Muhammad ibn Ya'qub (al-Kulayni) narrates with his isnad from Abu `Abd Allah-may peace be upon him-that he said: "Don't look at the protracted kneelings and prostrations of a man, for that is something which he does out of habit and would be upset if he were to neglect them. But look at the truthfulness of his speech and his fulfilment of trusts. [16]

(Al-Kulayni reports) with his isnad from Abu Kahmas that he said: "I said to Abu `Abd Allah, may peace be upon him: ` `Abd Allah ibn Abi Ya'fur conveys his salam to you.' The Imam replied: `May peace be upon you and upon him. When you see `Abd Allah convey my greetings and tell him that Ja'far ibn Muhammad says to you: "Consider what made 'Ali attain the standing that he attained with the Messenger of God-may God bless him and his Family-and stick to it, for, verily, `Ali-may peace be upon him-attained the standing that he attained with the Messenger of Allah through truthfulness of speech and fulfilment of trust." [17]

And you, my dear, reflect upon this sacred tradition and behold how sublime is the station of truthfulness and trustworthiness, which brought 'Ali ibn Abi Talib-may peace be upon him-to that lofty station of his! This tradition shows that the Messenger of God loved these two characteristics more than anything else, and amongst the attributes of perfection of Mawla- 'Ali-may peace be upon him-it were these two which had brought him so close to the Prophet and raised him to that distinguished station.

Also al-'Imam al-Sadiq-may peace be upon him-recommends these two, from among all kinds of deeds and characteristics, to Ibn Abi Ya'fur, who was a dedicated and self-effacing follower of the Imam, and sends him a message asking him to cling to them, because they were very important in his blessed eyes.

(Al-Kulayni reports) with his isnad from Abu Ja'far-may peace be upon him-that he said: "Abu Dharr-may God be pleased with him-said: `I heard the Messenger of Allah-may Allah bless him and his Household-say: "On the Day of Resurrection the Womb and the Trust shall stand on the two sides of the Sirat. When one who has fulfilled the duties of kinship and discharged his trusts passes over (the Sirat), he will cross over to paradise. But when the betrayer of trust or the violator of the rights of kinship passes over it, no work of his will benefit him by the side of these (vices), and the Sirat will turn him over into hell." ' " [18]

This indicates that the [otherworldly] forms of the Womb and the Trust shall stand on the two sides of the Sirat in that world and they will assist one who has fulfilled the duties of blood relationship and discharged his trusts. No work will benefit him if he has violated these two, and they will cast him into hell.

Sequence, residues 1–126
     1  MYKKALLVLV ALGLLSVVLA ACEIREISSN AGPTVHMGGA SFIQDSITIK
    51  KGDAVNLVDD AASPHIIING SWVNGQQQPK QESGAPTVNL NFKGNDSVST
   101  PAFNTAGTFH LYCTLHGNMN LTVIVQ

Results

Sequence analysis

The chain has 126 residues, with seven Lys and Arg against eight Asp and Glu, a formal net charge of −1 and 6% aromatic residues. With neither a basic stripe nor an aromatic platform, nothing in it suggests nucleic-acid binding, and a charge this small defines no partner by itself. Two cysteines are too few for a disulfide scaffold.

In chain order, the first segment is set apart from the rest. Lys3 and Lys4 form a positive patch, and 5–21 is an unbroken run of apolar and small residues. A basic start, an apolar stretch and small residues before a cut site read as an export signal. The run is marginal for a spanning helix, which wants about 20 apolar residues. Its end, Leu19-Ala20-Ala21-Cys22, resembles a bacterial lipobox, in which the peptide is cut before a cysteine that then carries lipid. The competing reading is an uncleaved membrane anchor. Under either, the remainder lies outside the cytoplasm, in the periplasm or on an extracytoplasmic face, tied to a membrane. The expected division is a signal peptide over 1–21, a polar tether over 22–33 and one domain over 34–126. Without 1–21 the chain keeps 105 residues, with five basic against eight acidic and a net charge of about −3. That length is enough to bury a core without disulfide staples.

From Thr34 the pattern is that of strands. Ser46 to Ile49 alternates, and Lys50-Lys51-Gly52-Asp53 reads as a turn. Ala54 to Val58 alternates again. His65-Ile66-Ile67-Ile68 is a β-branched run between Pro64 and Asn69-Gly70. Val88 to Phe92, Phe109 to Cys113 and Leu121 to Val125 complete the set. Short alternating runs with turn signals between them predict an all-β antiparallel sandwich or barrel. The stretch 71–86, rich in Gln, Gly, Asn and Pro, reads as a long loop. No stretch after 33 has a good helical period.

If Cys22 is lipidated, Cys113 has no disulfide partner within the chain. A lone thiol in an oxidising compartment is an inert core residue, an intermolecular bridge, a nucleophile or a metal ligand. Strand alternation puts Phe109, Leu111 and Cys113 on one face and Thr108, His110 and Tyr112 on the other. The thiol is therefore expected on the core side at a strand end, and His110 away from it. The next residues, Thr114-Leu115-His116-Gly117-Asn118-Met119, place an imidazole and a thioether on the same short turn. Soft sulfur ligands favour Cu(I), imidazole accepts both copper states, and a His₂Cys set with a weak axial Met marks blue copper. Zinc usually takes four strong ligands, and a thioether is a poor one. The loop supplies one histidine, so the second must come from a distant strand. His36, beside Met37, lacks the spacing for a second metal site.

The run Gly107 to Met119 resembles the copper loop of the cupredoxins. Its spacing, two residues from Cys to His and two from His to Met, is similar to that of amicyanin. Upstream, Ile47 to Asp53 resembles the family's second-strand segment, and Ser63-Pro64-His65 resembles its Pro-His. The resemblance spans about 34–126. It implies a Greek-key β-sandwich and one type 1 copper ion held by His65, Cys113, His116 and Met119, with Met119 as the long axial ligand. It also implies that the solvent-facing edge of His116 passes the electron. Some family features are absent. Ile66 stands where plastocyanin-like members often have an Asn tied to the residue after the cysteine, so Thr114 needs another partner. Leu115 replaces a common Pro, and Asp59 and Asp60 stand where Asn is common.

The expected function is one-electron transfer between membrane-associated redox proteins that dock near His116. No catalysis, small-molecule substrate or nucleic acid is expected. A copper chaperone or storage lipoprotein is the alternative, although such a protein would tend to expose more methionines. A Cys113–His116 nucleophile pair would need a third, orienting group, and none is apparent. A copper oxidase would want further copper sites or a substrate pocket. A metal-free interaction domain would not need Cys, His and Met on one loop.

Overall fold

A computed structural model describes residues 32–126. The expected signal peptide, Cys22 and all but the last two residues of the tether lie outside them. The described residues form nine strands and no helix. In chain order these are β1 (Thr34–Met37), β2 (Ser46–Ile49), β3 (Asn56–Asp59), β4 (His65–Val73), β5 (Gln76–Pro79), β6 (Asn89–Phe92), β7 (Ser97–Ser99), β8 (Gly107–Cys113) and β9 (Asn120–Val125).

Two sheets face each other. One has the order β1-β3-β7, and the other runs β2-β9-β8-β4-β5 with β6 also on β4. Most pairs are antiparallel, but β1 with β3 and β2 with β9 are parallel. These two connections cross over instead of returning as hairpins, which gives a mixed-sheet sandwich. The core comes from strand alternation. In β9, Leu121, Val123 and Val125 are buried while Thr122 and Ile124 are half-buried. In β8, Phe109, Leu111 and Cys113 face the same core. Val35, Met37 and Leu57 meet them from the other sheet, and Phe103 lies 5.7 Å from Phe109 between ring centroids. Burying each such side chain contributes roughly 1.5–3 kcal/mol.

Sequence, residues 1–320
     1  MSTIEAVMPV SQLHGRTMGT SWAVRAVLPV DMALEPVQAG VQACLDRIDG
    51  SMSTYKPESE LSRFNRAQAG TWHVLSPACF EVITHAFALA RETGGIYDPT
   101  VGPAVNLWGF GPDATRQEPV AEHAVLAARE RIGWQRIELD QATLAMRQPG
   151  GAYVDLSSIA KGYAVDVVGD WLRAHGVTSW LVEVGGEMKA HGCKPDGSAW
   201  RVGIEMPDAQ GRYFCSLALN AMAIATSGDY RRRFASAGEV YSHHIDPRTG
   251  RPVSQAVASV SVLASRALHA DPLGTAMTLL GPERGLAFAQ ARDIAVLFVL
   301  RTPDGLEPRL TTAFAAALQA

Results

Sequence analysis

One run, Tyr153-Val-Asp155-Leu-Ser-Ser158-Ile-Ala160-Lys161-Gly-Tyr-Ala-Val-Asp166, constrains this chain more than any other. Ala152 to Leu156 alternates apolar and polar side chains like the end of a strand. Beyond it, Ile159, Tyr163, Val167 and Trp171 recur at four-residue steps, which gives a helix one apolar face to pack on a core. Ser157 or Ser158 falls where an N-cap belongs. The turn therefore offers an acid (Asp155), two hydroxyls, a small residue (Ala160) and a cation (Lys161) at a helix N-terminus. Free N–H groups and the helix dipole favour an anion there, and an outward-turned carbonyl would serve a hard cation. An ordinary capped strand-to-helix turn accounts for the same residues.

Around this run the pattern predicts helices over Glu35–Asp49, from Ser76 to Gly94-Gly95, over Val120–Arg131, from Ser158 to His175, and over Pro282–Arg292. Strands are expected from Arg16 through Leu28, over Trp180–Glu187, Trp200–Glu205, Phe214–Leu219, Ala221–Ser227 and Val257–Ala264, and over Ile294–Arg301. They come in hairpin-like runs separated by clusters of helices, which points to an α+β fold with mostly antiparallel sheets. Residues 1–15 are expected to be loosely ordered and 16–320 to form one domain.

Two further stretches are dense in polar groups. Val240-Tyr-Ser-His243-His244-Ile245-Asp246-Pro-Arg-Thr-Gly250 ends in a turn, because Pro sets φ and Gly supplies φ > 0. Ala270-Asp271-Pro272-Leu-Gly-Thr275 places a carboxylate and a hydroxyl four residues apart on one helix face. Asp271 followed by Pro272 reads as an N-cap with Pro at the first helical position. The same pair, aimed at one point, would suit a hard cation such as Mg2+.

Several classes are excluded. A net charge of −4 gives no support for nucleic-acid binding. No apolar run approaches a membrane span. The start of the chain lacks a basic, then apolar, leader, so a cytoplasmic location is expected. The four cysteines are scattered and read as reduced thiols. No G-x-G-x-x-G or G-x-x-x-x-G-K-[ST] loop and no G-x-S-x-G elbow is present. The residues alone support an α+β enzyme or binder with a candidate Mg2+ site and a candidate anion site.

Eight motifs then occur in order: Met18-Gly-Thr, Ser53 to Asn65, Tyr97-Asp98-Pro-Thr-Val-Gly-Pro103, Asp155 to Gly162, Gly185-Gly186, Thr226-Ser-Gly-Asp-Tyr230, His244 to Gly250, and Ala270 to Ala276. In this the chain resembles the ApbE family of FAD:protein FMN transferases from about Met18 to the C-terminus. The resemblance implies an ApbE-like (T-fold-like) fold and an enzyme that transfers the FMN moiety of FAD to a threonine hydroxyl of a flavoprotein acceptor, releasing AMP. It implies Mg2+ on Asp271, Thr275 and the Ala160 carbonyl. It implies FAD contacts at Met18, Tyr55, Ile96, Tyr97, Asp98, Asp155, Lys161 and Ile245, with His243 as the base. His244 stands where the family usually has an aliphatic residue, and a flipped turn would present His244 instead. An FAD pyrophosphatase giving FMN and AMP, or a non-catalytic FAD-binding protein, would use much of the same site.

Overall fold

(Al-Kulayni reports) with his isnad from Abu `Abd Allah-may peace he upon him-that he said: "Amir al-Mu'minin-may peace be upon trim-said: `Discharge your trusts, even if they pertain to a murderer of the offspring of the Prophets.' " [19]

(Al-Kulayni reports) with his isnad from Abu `Abd Allah-may peace be upon him-that he said in one of his exhortations: "Know shat even if the assassin of 'Ali-may peace be upon him-who struck him with the sword, were to entrust me with something and were he to seek my advice and counsel, and were I to accept his request, I would not betray his trust."" [20]

Muhammad ibn `Ali ibn al-Husayn reports with his isnad from Abu Hamzah al-Thumali that he said: "I heard the Master of the Devout, 'Ali ibn al-Husayn ibn 'Ali ibn Abi Talib-may peace be upon them-say to his followers (shi'ah): `Commit yourself to trustworthiness; for, by Him Who sent Muhammad-may God bless him and his Household-with the Truth as a Prophet, even if the killer of my father, al-Husayn ibn 'Ali, may peace be upon them, were to entrust me with the sword with which he had killed him, I would not betray his trust.' " [21]

(Al-Saduq reports) with his isnad from al-'Imam al-Sadiq-may peace be upon him-that he narrated from his ancestors from the Prophet-may God bless him and his Household-that, in a tradition concerning certain proscribed acts, he forbade the betrayal of trust and said: "Whoever betrays a trust in the life of the world, not delivering it to those to whom it belongs, and then dies, such a person doesn't die upon my creed and he shall meet God in a state wherein He will be wrathful with him. And whoever knowingly purchases the despoils of treachery is like the traitor." [22]

There are other traditions of this kind, and it is obvious what consequences will result from the wrath of God's Sacred Being upon a servant. Of course, the venerable intercessors, too, will not intercede on behalf of someone who is the object of God's wrath, especially since the betrayer of trust is out of the pale of the creed of the Messenger of Allah-may Allah bless him and his Household. It is stated in a (prophetic) tradition that "Whoever commits a breach of trust in regard to a believer does not belong to me." [23] It is mentioned in another tradition that such a man "is outside the faith of Islam and he will be cast into the abyss of hell for ever and ever." [24] I seek refuge in God from the evil of this vice.

It is obvious that the breach of a believer's trust includes dishonesty of a financial nature as well as other breaches of trust that are of a more serious nature. Hence, one should be very vigilant of the carnal self, which may make one turn a blind eye to certain matters and make their vicious character appear as something trivial and simple, though they be the cause of everlasting wretchedness and perpetual ignominy. This is the state of those who commit treachery against God's creatures, and from this we come to know the state of treachery in relation to the trust of God, the Exalted.